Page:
QMilch GmbH was founded in April 2011 and there is currently a group of companies involved in the development and production of biopolymers. They are based on milk proteins and other natural and renewable raw materials.


The fabric called QMilk is made from milk fiber yarn using waste milk that is not suitable for human consumption. Milk was normally obtained from a dairy. QMilk has developed a process that is 100% natural and uses renewable resources. No plasticizers, solvents, or chemical crosslinkers are used. The fiber can be composted at home and will decompose and biodegrade in the environment within a few months.


Environmentally friendly QMilk Procedure


QMILK is a patented, specially designed manufacturing process. Part of the process includes:

  • heating casein powder to 80°C in a meat grinder,

  • Adding natural ingredients like zinc and beeswax.

  • The fibers come out in strips and are then spun into yarn.

As it is a patented process, no further details are available on the individual steps for making milk cotton yarn. Thus, no formaldehyde is used and certain cost efficiency and minimum CO2 emissions are achieved. It is 100% natural, soft and smooth as silk. It is skin-friendly and meets the requirements of innovative material developments.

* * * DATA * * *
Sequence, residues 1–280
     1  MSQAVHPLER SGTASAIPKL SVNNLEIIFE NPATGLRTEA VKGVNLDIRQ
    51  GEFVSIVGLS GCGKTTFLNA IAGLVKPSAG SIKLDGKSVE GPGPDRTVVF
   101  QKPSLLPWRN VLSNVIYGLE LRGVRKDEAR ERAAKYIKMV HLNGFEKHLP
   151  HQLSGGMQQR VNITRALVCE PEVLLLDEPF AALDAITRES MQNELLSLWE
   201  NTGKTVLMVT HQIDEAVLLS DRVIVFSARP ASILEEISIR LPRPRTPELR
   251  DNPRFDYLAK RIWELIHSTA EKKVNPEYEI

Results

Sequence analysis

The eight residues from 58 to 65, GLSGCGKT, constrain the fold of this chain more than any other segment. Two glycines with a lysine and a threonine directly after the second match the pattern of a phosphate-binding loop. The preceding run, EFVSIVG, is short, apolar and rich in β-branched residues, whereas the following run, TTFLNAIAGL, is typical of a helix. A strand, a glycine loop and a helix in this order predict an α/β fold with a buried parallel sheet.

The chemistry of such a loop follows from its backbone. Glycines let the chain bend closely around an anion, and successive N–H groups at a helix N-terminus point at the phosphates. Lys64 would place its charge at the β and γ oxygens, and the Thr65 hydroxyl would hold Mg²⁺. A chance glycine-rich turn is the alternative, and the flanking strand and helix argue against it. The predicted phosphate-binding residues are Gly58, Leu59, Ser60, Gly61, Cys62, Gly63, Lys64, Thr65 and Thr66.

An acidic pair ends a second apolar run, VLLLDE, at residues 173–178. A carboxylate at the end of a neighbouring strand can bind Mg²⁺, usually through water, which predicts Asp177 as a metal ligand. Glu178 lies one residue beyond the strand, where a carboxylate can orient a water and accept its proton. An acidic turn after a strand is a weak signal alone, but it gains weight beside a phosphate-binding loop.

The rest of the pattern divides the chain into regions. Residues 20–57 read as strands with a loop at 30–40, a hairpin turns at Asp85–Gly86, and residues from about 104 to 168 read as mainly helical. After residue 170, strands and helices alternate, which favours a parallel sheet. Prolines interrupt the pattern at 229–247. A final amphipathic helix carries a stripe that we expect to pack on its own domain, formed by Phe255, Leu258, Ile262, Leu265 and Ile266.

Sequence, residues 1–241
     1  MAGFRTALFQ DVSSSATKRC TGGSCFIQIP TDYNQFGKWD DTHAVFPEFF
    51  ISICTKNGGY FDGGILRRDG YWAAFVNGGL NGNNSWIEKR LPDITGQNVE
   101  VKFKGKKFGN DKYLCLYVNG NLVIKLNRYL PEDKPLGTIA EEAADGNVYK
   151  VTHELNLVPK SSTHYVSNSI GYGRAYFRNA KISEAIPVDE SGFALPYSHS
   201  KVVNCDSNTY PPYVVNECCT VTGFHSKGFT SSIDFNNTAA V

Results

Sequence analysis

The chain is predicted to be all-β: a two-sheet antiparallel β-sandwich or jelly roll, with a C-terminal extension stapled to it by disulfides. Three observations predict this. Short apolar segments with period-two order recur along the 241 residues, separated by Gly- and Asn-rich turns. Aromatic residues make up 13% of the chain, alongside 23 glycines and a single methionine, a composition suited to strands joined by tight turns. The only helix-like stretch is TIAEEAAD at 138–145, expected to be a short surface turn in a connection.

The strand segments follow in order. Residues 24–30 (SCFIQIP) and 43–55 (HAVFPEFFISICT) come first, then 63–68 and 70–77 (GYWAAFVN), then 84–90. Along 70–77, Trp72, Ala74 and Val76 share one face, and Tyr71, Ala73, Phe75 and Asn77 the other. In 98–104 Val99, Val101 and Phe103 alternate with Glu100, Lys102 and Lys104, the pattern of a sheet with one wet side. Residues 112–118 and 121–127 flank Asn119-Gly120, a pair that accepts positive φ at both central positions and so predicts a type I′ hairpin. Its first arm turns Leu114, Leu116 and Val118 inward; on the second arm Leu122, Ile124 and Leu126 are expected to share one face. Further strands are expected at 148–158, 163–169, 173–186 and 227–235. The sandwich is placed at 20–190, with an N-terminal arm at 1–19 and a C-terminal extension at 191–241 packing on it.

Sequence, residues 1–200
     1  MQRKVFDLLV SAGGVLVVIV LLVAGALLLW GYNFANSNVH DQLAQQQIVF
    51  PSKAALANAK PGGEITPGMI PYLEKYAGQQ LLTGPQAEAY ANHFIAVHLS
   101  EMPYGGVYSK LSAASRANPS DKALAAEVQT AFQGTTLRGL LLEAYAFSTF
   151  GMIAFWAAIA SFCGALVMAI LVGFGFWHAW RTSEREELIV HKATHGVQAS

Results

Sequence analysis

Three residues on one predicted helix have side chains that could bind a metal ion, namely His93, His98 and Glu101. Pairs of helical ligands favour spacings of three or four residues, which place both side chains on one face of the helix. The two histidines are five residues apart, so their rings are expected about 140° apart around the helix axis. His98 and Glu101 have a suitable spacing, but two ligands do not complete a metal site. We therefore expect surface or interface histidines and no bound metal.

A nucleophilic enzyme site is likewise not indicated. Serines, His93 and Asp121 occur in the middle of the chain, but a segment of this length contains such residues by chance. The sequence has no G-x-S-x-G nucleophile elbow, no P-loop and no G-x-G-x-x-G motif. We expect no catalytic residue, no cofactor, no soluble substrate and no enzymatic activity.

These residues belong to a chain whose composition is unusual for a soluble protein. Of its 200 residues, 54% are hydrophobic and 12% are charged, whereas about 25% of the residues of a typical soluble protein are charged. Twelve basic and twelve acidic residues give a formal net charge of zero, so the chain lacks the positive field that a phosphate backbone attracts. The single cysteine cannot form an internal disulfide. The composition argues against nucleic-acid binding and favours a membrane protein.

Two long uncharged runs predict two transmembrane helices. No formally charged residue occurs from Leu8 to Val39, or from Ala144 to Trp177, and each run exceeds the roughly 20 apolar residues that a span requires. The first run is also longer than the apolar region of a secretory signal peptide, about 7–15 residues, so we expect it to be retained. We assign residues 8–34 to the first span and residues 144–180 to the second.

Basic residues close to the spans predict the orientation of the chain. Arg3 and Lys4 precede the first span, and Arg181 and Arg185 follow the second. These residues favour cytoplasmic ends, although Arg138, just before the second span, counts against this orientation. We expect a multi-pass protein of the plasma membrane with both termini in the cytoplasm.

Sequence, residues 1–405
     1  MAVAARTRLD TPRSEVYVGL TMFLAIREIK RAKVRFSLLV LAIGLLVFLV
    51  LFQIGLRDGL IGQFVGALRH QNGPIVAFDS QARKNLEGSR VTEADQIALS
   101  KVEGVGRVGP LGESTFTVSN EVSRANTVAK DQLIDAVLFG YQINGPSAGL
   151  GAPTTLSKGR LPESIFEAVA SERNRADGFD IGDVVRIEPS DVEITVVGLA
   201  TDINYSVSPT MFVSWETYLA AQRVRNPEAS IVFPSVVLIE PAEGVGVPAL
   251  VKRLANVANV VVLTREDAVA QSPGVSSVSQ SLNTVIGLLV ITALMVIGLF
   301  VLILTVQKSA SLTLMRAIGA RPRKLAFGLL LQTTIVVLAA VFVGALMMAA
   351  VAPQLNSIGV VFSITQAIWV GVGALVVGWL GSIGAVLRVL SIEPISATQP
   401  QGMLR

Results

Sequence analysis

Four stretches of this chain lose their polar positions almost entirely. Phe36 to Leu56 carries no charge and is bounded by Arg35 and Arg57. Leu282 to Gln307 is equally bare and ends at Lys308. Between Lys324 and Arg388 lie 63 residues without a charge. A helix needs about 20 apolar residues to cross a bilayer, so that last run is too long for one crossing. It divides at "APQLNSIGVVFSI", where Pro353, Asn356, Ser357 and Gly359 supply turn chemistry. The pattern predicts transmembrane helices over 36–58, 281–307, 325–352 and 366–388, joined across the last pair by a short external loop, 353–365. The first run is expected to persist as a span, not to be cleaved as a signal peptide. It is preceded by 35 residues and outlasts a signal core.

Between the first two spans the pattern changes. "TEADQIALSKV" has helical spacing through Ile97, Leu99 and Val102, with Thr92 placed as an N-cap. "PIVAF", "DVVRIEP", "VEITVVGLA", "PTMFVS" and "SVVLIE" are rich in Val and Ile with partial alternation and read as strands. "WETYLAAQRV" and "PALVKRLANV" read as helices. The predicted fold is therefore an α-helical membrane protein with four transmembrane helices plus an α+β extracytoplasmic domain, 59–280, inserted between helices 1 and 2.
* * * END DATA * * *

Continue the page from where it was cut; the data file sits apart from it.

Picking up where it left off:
QMilch received the Green Tec Award in 2015. QMilk fiber has also passed the OEKO TEX standard 100 green certification for international ecological textiles. It answers the call for sustainable natural fibers and opens up exciting new possibilities for innovative textiles.


You need about a hundred pounds of powdered milk to make three pounds of milk fiber. The fibers are white, fluffy, and emit a pleasant smell. Innovative fibers can be dyed using acid, reactive or cationic dyes.


QMilch Fiber Applications

QMILK is a protein fiber and is ideal for direct skin contact as it feels like silk on the skin. QMilk fibers do not contain the following harmful substances usually found in textiles and products:

  • isocyanate and halogens.

  • solvents

  • dangerous plasticizers

  • silver, zinc oxide, and triclosan

So what is the milk fiber material used for? QMilk fibers have fashion and technical applications in hygiene and medicine.


1. Fashion applications of QMilch Fibers


QMilk can be combined with any type of wool, but can also be spun with cotton, cellulose, or other natural fibers. It can be used as an alternative to cotton or silk. But it can be combined with silk and cotton to create a smoother texture. Milk cotton yarn is perfect for underwear because of the healthy and bacteriostatic nature of the milk fiber.

Besides being good for underwear, it is also used for socks, home textiles, and garments made from wool.